I have mixed feelings about Murder at Mullings. I liked the concept (“In its 300-year history, there has never once been a scandal at Mullings, ancestral home of the decent but dull Stodmarsh family. Until 1932, that is….”). But the book moved so slowly for me. I had a very hard time sticking with it. It was very wordy, and with so little character development I had difficulty keeping everyone straight. The first 10 pages of the book could easily have been a novel in themselves, as they cover 21 years in the life of housekeeper Florence Norris.
I don’t mind a slow-moving plot when character development is the focus, but this is the first book I can recall where plot was sacrificed for setting and manners. This book felt more like a long-winded proposal for a television series than a novel. Even the way the characters were described seemed like guidance for the person casting the series (for example, Inspector LeCrane: “He was tall, with a narrow face dominated by a long, beaky nose, which would have done the suggested species of bird proud. Ned put him in his mid- to –late-forties. No visible gray in his dark hair.” (p. 212)). I found the first 150 pages of this 247 page book to be set-up for the final 100 pages.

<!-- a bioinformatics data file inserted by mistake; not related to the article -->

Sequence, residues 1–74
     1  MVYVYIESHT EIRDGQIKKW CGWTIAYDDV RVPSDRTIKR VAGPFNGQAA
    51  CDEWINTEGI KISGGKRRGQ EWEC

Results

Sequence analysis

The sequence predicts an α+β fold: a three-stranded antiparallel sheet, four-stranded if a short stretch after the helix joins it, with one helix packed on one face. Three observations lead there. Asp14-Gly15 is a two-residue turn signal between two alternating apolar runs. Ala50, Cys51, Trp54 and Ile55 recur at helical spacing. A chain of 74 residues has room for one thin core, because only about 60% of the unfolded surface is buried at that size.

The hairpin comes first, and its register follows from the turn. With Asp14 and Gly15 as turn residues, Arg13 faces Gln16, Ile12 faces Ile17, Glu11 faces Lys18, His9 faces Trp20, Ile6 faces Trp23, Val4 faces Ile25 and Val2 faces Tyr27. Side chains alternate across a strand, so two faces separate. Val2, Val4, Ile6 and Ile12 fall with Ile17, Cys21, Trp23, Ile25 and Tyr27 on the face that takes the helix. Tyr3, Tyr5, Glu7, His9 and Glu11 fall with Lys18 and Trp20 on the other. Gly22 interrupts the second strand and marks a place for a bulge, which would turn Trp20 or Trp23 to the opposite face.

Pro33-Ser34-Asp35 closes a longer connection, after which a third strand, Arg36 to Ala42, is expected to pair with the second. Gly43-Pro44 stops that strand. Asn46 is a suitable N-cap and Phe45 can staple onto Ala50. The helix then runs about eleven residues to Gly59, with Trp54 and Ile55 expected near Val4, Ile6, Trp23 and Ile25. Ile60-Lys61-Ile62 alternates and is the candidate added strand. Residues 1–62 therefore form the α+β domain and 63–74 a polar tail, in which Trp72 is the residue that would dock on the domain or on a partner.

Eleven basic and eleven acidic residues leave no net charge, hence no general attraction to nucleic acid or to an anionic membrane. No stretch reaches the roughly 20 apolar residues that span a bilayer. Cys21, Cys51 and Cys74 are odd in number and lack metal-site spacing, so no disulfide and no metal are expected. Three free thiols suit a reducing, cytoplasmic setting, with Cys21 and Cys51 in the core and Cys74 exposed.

There are two murders in the book, set several years apart. An ornamental hermit is thrown at us as a red herring and for a bit of period eccentricity, but the murderer was not difficult to guess. I kept reading because I kept thinking a book I would enjoy was in there someone, and I got it at last in the final 40 pages. I would rate most of the book two stars, and the last 40 pages four stars.
I’ve not seen Downton Abbey, but Murder at Mullings is clearly aimed directly at the fans of that series. If you like slow moving fiction covering a 40-year-span that is more focused on the setting and manners than the plot or characters, you might enjoy this book. This is the first book in a series; the second is due to be published in July 2015.
Murder at Mullings is available in the adult fiction section of the Galesburg Public Library and in the library’s ebook collection.